4 2 Table of Contents Preface Understanding Big Data Big Data Best Practice Across Industries Operational Efficiency Customer Experience New Business Models Big Data in Logistics Logistics as a Data-driven Business Use Cases Operational Efficiency Use Cases Customer Experience Use Cases New Business Models Success Factors for Implementing Big Data Analytics Outlook... 29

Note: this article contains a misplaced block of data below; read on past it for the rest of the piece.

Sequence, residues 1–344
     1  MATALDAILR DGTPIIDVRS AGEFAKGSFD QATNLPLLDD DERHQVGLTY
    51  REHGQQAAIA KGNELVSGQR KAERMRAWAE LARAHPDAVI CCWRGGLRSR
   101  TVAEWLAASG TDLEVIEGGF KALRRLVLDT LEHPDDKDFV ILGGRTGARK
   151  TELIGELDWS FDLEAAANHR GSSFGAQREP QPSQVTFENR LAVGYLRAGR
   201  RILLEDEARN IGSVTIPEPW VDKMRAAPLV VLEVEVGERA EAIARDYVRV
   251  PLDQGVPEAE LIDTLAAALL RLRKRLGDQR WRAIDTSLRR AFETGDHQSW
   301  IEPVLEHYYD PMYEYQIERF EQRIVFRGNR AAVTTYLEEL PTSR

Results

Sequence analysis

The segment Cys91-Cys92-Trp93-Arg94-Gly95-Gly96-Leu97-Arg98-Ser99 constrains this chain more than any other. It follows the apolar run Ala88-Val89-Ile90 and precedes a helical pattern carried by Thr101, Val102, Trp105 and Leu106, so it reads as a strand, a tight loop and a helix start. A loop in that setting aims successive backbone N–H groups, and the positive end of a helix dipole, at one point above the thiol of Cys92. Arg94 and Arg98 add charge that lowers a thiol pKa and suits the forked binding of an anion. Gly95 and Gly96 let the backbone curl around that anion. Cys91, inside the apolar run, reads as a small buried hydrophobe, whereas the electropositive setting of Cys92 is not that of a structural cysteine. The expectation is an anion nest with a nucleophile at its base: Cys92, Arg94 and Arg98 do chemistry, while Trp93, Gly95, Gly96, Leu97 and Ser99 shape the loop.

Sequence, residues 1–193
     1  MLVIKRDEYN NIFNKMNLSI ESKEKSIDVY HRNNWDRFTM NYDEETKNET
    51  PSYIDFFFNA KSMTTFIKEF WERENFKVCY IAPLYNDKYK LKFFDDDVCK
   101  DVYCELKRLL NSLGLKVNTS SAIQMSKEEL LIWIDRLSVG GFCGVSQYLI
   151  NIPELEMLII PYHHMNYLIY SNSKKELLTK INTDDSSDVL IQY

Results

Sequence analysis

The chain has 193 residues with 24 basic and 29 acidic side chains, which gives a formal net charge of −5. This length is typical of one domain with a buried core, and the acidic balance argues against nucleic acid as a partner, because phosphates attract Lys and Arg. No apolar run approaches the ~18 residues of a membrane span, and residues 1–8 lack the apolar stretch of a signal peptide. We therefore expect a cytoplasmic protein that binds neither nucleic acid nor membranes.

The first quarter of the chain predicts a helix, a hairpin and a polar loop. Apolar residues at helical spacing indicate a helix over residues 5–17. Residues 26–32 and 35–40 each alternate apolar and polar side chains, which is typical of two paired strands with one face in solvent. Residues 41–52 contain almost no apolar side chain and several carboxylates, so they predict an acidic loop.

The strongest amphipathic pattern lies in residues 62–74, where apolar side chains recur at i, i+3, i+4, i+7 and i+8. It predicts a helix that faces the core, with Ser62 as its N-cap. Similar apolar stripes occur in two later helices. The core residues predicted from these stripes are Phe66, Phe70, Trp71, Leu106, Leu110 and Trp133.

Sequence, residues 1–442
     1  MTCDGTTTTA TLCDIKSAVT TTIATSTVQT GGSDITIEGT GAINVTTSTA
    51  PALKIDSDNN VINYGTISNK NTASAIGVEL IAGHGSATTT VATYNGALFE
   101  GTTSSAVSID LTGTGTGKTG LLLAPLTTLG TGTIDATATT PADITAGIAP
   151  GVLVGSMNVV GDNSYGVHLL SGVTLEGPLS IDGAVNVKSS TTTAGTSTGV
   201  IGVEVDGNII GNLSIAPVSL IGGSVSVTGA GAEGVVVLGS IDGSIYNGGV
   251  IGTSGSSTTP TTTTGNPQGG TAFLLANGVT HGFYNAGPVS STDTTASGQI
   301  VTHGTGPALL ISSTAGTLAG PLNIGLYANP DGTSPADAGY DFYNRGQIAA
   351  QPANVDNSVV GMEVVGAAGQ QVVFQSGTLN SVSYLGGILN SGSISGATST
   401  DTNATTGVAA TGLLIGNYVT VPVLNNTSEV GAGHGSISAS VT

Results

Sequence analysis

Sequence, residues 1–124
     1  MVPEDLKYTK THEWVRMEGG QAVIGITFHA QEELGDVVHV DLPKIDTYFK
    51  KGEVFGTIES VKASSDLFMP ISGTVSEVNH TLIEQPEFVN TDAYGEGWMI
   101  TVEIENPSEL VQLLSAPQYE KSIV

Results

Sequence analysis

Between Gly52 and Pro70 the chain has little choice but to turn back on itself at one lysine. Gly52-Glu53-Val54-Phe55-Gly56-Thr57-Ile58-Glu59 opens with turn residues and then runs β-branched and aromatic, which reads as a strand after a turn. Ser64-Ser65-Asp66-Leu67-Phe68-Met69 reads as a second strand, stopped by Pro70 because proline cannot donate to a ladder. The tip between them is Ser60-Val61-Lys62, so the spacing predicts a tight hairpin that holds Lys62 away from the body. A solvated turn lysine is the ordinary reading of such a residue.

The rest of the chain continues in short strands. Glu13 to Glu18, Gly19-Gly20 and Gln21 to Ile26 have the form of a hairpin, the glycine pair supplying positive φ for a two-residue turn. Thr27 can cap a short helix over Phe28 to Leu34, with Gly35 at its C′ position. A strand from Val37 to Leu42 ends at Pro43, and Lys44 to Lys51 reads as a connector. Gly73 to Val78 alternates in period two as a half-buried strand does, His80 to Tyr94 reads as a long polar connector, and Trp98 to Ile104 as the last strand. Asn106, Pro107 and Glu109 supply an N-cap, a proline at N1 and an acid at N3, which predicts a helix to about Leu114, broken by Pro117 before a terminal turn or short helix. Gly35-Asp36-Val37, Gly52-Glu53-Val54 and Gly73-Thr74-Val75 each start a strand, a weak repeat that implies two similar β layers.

5 Understanding Big Data 3 1 UNDERSTANDING BIG DATA The sustained success of Internet powerhouses such as Amazon, Google, Facebook, and ebay provides evidence of a fourth production factor in today s hyper-connected world. Besides resources, labor, and capital, there s no doubt that information has become an essential element of competitive differentiation. Companies in every sector are making efforts to trade gut-feeling for accurate data-driven insight to achieve effective business decision making. No matter the issue to be decided anticipated sales volumes, customer product preferences, optimized work schedules it is data that now has the power to help businesses succeed. Like a quest for oil, with Big Data it takes educated drilling to reveal a well of valuable information. Why is the search for meaningful information so complex? It s because of the enormous growth of available data inside companies and on the public Internet. Back in 2008, the number of available digital information pieces (bits) surpassed the number of stars in the universe 1, thanks to the growth of social media, ubiquitous network access, and the steadily increasing number of smart connected devices. Today s digital universe is expanding at a rate that doubles the data volume every two years 2 (see Figure 1). In addition to this exponential growth in volume, two further characteristics of data have substantially changed. Firstly, data is pouring in. The massive deployment of connected devices such as cars, smartphones, RFID readers, webcams, and sensor networks adds a huge number of autonomous data sources. Devices such as these continuously generate data streams without human intervention, increasing the velocity of data aggregation and processing. Secondly, data is extremely varied. The vast majority of newly created data stems from camera images, video and surveillance footage, blog entries, forum discussions, and e-commerce catalogs. All of these unstructured data sources contribute to a much higher variety of data types (Exabytes) Figure 1: Exponential data growth between 2010 and 2020; Source: IDC s Digital Universe Study, sponsored by EMC, December The Diverse and Exploding Digital Universe, IDC, The Digital Universe in 2020: Big Data, Bigger Digital Shadows, and Biggest Growth in the Far East, IDC, sponsored by EMC, December 2012